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Basics of Ancient Number Systems

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  • 0:04 The Earliest Number Systems
  • 0:52 Babylonian Number System
  • 2:03 Roman Number System
  • 3:10 Mayan Number System
  • 3:37 Hindu-Arabic Number System
  • 4:21 Lesson Summary
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Lesson Transcript
Instructor: Betsy Chesnutt

Betsy teaches college physics, biology, and engineering and has a Ph.D. in Biomedical Engineering

From simple tally marks on a stick to complex written number systems that could be used to perform many types of calculations, people in the ancient world developed and used a wide variety of number systems. In this lesson, learn how ancient number systems were developed and used.

The Earliest Number Systems

For many thousands of years, people have counted things using their fingers and toes. At least 25,000 years ago, people also began making tally marks, marks on a stick or stone tablet to record numbers.

Tally marks are still used today by many people, maybe even you! You probably have used tally marks to keep up with the score of a game or count votes. Most tally mark systems have some way to represent multiples, usually of five or ten, by placing a slash or other marker through the earlier marks. This makes it easy to see how many marks you have. This simple number system was sufficient for many thousands of years and is still used in many situations, but it is difficult to record large numbers or perform complex mathematical operations using only tally marks.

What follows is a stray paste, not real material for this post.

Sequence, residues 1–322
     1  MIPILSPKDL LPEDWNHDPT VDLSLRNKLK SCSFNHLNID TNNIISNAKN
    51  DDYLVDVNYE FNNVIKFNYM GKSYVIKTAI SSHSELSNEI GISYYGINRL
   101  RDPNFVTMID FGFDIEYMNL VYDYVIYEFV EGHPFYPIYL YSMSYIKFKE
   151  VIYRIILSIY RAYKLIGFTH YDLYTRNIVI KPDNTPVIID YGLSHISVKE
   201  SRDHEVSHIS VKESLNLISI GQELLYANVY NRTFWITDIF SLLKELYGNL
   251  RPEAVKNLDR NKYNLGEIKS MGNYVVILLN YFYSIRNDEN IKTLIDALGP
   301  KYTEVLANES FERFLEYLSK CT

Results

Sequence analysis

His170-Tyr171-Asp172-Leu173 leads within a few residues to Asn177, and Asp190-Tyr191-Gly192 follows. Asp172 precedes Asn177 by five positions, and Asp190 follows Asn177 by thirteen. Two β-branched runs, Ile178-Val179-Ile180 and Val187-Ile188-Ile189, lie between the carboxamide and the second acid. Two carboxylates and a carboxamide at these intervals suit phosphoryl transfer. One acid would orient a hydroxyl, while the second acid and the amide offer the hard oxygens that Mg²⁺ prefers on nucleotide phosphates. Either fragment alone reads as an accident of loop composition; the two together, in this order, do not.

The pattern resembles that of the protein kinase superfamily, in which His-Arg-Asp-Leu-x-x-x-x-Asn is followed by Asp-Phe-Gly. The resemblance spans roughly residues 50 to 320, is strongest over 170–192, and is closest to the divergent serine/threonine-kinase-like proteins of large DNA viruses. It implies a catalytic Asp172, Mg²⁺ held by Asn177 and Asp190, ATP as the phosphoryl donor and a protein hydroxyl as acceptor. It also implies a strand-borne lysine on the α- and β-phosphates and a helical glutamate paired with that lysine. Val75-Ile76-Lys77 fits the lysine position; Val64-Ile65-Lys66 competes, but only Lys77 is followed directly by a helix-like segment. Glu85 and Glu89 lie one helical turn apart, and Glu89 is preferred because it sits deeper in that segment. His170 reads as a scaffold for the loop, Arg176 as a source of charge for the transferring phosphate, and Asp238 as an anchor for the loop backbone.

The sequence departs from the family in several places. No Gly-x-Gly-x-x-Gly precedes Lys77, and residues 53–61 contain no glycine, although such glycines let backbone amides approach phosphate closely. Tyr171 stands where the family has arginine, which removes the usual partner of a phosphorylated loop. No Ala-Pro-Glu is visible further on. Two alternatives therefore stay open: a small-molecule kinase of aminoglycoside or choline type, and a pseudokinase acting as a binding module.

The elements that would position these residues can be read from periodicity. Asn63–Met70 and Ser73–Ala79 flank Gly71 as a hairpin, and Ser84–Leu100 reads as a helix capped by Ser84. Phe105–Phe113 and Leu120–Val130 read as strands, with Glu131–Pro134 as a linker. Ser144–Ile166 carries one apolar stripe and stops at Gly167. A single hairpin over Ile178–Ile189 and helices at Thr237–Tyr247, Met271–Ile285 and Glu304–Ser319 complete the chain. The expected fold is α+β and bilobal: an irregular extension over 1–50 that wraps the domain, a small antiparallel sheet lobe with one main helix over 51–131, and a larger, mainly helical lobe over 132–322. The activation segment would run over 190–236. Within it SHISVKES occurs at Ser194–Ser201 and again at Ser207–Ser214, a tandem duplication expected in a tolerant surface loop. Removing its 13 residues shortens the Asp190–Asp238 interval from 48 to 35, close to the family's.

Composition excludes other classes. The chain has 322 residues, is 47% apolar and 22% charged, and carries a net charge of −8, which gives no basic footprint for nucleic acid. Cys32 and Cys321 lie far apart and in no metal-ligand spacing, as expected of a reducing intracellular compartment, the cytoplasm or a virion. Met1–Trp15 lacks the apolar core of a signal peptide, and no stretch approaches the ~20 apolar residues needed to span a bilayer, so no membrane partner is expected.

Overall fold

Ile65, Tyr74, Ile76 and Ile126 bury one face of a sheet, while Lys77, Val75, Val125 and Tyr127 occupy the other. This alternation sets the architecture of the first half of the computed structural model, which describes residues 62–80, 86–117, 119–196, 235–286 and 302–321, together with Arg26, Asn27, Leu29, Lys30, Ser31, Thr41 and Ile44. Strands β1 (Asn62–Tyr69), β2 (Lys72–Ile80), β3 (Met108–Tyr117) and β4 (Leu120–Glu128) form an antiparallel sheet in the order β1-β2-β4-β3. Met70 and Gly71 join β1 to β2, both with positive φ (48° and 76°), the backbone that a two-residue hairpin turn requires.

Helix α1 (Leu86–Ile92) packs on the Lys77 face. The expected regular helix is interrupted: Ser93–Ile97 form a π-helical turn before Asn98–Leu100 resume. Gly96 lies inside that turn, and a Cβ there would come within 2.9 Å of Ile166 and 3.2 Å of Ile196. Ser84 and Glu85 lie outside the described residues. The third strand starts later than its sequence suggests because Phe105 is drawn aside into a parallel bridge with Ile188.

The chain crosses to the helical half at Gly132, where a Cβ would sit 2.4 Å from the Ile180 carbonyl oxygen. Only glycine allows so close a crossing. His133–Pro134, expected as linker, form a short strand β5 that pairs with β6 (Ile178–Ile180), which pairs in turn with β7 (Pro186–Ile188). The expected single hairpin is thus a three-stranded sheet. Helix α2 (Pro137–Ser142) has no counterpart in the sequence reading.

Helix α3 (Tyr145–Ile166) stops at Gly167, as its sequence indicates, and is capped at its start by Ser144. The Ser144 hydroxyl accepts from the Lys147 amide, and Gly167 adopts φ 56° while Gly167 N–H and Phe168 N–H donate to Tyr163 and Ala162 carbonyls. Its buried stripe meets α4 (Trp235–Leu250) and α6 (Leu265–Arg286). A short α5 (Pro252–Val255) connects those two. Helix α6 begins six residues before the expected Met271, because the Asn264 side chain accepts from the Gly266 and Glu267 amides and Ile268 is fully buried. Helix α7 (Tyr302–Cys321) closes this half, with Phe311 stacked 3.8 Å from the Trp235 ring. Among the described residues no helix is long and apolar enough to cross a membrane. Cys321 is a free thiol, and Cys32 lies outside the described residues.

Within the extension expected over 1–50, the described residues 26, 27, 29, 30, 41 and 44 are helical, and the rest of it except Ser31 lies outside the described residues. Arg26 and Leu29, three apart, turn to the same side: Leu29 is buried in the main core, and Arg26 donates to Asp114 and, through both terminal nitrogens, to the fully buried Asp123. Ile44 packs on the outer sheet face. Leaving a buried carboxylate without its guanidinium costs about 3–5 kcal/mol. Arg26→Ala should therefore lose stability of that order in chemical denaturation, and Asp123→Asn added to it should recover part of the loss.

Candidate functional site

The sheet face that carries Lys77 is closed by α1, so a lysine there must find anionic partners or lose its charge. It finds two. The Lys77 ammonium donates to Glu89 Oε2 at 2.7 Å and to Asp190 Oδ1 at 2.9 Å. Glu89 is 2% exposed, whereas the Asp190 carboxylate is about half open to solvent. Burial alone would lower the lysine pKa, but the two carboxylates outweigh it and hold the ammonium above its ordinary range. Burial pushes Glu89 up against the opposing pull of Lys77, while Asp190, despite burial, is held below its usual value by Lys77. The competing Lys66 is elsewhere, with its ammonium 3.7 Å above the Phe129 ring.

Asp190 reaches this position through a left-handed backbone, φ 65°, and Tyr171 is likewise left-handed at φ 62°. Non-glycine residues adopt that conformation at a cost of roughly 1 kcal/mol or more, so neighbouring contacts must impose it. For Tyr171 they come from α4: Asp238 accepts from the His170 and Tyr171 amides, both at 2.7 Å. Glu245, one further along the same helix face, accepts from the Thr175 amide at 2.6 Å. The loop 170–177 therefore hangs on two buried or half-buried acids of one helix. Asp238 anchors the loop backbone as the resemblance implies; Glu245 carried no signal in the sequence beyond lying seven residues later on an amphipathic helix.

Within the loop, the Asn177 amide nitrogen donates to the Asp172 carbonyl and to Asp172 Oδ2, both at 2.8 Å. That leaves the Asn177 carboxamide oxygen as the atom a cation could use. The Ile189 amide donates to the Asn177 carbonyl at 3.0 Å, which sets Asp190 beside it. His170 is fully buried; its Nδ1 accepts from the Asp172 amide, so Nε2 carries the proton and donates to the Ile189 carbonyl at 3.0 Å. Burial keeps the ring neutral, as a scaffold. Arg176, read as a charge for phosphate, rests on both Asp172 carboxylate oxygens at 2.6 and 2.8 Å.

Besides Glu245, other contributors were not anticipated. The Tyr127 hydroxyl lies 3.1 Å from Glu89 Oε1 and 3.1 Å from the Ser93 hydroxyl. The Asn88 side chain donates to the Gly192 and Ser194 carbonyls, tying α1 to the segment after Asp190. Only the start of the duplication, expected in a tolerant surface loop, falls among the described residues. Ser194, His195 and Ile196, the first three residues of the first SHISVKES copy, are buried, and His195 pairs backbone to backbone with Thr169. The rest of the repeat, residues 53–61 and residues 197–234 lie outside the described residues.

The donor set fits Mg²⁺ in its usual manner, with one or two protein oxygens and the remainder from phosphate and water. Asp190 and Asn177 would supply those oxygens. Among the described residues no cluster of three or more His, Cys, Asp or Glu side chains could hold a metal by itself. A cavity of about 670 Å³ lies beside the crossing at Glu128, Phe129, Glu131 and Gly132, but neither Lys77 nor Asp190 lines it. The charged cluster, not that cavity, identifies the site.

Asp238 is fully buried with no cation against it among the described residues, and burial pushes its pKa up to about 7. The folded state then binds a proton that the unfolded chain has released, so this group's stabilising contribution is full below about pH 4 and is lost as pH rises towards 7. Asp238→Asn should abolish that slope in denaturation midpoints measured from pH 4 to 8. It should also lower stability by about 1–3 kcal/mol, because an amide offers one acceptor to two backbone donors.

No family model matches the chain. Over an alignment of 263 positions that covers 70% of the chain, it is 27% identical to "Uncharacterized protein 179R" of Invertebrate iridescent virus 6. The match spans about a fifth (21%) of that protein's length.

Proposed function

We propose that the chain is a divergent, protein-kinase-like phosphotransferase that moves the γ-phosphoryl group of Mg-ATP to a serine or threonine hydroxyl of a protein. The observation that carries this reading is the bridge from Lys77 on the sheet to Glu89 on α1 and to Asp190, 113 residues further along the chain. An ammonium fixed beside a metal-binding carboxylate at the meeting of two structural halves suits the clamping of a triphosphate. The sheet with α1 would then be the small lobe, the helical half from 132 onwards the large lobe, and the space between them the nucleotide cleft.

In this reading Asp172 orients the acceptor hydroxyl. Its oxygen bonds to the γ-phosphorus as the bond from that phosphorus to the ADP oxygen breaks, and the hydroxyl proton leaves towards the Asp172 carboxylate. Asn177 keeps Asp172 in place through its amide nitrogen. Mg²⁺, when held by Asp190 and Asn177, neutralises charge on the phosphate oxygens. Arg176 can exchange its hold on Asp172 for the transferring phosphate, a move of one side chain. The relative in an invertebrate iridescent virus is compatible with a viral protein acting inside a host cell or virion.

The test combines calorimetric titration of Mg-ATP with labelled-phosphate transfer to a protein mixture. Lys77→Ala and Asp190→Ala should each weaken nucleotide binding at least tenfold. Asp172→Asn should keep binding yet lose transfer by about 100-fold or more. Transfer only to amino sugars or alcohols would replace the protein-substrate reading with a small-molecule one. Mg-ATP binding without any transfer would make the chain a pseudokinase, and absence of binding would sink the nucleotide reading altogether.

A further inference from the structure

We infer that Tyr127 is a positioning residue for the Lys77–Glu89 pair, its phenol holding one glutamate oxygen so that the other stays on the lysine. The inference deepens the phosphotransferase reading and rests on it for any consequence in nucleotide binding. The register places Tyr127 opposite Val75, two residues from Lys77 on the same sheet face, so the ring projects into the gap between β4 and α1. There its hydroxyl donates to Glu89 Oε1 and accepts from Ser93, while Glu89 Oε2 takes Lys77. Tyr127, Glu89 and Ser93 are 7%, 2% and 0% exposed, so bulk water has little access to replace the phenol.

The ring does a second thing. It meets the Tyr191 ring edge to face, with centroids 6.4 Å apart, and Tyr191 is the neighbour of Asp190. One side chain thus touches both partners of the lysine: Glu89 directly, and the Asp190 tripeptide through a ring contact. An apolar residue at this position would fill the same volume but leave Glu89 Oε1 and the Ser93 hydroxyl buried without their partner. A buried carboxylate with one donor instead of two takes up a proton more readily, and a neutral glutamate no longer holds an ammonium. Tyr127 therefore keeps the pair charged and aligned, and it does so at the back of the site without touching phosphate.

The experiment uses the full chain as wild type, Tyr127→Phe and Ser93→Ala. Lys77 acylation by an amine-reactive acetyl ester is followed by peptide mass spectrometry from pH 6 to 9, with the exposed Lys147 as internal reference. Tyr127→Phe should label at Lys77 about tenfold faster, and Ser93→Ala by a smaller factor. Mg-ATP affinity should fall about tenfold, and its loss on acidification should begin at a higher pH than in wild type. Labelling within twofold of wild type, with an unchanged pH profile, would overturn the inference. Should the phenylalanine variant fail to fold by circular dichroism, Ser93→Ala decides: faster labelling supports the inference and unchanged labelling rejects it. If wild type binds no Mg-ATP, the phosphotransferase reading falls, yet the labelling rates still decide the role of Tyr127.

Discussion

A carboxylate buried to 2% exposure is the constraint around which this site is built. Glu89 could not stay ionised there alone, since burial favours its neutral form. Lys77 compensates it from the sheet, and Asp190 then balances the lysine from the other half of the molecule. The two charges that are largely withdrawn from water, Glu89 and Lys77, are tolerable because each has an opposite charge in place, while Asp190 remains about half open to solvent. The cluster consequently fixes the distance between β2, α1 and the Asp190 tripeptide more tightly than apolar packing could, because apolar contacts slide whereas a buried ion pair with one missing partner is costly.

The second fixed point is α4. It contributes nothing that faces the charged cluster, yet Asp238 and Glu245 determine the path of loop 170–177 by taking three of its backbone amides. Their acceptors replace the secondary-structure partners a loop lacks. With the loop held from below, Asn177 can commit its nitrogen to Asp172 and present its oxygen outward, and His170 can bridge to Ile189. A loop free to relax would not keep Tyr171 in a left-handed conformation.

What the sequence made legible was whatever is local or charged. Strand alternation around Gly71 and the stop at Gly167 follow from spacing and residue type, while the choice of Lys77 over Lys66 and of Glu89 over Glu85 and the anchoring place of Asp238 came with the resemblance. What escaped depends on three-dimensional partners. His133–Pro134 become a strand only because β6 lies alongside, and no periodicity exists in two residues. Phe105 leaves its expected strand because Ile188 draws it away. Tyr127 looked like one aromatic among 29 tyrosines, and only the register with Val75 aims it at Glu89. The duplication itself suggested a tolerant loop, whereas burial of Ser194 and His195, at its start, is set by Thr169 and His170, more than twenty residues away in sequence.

Babylonian Number System

Approximately 5,000 years ago, one of the first written number systems arose in Babylon, which used a base of 60. Number systems with a base of 60 are called sexagesimal. For numbers less than 60, the Babylonians used a base-10 system. All of the Babylonian numbers could be written by combining just two symbols, as compared to the ten different symbols we use to represent numbers today.

The Babylonian system came from earlier Sumerian and Akkadian number systems, which were also sexagesimal. The Babylonians improved on earlier systems, however, by developing a positional system, in which the same symbol could be used to represent different orders of magnitude, depending on where it was located in the number. This was a major achievement that had not been done before. Our number system today is positional, as well. The same symbol, for example, 1, can be used to represent 1, 10, or 100 depending on where it is located.

You might be surprised to learn that even though it was developed thousands of years ago, we still use the Babylonian base-60 number system in some ways today. For example, there are 60 seconds in a minute and 360 degrees (or 6 times 60) in a circle.

Roman Number System

The Roman number system was in used in ancient Rome and in most of Europe for many years after the end of the Roman empire. In some situations, Roman numerals are still used today throughout the world.

The Roman number system was based on seven symbols that could be arranged to represent any positive number. The Roman number system did not include zero or negative numbers, and most historians believe that it derived from a primitive system of tally marks. The seven roman numeral symbols had the following values:

I - is one

V - is five

X - is ten

L - is fifty

C - is one hundred

D - five hundred, and

M - one thousand

The Roman number system was not positional like the Babylonian system, so the value of each symbol was simply added together to get the total value. For example, the Roman number MMDLXXII represents the number 1000 + 1000 + 500 + 50 + 10 + 10 + 1 + 1, which is 2,572 using modern notation.

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